Yes, it was exciting to touch the same document that Dr. King once touched.
It was sobering to realize that today we face the same reality where the silence of good people will be the greatest tragedy of our times. There is little doubt that our world is at a point of historic social and environmental transitions. The clamor of bad actors seems to be as strident and as loud today as it was in 1964.
It is necessary to continue to learn from this country’s sorry history of prejudice, intolerance, discrimination, and injustices. We have made a world that desperately needs to hear a voice that inspires all of us to work for equality among all God’s people.
The psalm motivates us to keep reaching out, with love and respect, to the next generations in our communities so they too will work to energize anemic neighborhoods and to promote peace and justice for all people.
Keep Hope alive! Keep Faith alive! Let’s do this for ourselves, the next generations, and for God.
I just finished reading Amy Hollingsworth’s book, The Simple Faith of Mister Rogers and saw the movie, A Beautiful Day in the Neighborhood. Both the book and the movie are equally poignant stories about this icon of children’s television, Fred Rogers. If you grew up between 1968 and 2001, or were the parent of a child during this period, you may have watched this daily, educational show. The PBS series, Mister Rogers Neighborhood, was a safe place for children to learn about the importance of expressing feelings, how to deal with new and scary moments and to feel valued as human beings.
The persona he showed on camera of kindness, compassion, and friendship was the same persona he showed to others off-camera. He lived what he preached and the spiritual legacy behind his words and actions are both simplistic and profound. He always offered hope and encouragement, telling his viewers:
“Don’t ever give up on yourself or your dreams. You’re worthwhile, and always will be, no matter what. Just remember to always be who you are, because that person is very special. There’s no person in the whole world like you. And I like you just the way you are.”
Though some mocked/ridiculed him and his television show, Mister Rogers Neighborhood, he wanted children to hear and believe that they were unique and special. In the show’s opening theme song, Won’t You Be My Neighbor,” he expresses a desire to be neighbors with his young viewers, immediately extending a caring hand of friendship. In his closing song, It’s Such a Good Feeling, he affirms what a good feeling it is to be friends with these young viewers. During this closing song, he speaks these endearing words:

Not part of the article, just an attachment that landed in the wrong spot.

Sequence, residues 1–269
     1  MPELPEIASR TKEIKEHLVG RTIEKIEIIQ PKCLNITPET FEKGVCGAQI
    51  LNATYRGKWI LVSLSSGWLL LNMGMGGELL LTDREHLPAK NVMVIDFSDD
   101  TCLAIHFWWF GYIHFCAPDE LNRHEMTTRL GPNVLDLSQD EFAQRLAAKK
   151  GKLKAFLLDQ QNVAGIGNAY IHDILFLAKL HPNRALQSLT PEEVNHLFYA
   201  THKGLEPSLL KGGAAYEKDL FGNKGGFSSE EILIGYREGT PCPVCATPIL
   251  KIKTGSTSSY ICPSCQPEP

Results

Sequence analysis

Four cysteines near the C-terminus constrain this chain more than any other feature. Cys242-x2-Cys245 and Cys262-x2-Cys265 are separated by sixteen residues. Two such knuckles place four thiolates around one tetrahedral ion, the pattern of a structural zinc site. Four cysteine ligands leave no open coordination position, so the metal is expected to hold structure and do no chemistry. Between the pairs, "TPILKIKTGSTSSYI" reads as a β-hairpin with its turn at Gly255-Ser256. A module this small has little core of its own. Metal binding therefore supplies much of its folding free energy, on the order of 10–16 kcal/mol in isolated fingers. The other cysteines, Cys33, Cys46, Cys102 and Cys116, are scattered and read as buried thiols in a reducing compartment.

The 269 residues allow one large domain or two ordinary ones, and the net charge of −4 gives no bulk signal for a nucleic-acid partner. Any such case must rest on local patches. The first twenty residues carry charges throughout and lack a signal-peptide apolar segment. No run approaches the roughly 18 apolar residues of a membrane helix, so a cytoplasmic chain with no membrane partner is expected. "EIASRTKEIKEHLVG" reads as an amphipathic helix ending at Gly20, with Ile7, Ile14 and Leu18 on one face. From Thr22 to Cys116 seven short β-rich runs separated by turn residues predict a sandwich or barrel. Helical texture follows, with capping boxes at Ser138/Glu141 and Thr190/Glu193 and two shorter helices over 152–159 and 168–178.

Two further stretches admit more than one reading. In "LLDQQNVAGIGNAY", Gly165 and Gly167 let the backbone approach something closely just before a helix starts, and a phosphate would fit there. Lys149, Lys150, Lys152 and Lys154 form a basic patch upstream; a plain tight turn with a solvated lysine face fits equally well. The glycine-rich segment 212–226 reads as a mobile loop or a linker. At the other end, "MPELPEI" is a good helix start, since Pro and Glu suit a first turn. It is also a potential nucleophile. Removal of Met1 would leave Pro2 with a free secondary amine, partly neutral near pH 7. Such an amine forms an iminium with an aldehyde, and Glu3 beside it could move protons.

“You always make each day such a special day. You know how: by just your being you. There’s only one person in the whole world exactly like you, and that’s you yourself, and people can like you exactly as you are.”
Imagine if every child (and every adult) heard and believed these words daily. For Mister Rogers believed that “The world needs a sense of worth, and it will achieve it only by its people feeling that they are worthwhile.”
According to Hollingsworth, even Mister Rogers’ ritual of changing from a suit coat into a cardigan sweater and from dress shoes to tennis shoes was designed intentionally to have a calming effect and to teach children the importance of slowing down. He wanted children to know the value of feelings, to know that feelings of anger, hurt, sadness were all right and “that you don’t have to hide them and that there are ways that you can say how you feel that aren’t going to hurt you or anybody else.” (Hollingsworth, 61-62)
Walking out of the movie theater, I wanted to stay and see it again so I could soak up the inspirational messages Mister Rogers (played by Tom Hanks) imparts to the man he befriends, Lloyd Vogel, who is an investigative reporter assigned to profile Mister Rogers. Vogel is skeptical of Mister Roger’s good nature but is changed by the compassion and friendship Mister Rogers extends to him. Vogel is initially annoyed by Mister Rogers’ gentle questioning of Vogel’s painful past with his father but the support and affirmation he receives from Mister Rogers enables him to reconcile with his father. Mister Rogers even comes to be with Vogel’s family when Vogel’s father is dying and asks the dying father to pray for him, a moment where he sees the gift of a dying man being able to bring him closer to God.
In an interview with Fred Rogers, Hollingsworth quotes him as saying “And so, for me, being quiet and slow is being myself, and that is my gift.” Being able to acknowledge his own gifts enabled him to serve others well. Closely related to this gift of being quiet and slow, was appreciating silence. Hollingsworth notes about Mister Rogers that “It wasn’t just the absence of noise he advocated, but silence that reflects on the goodness of God, the goodness of what and whom He made. Silence to think about those who have helped us. He knew that silence leads to reflection, reflection to appreciation, and that appreciation looks for someone to thank.” (Hollingsworth, p.7)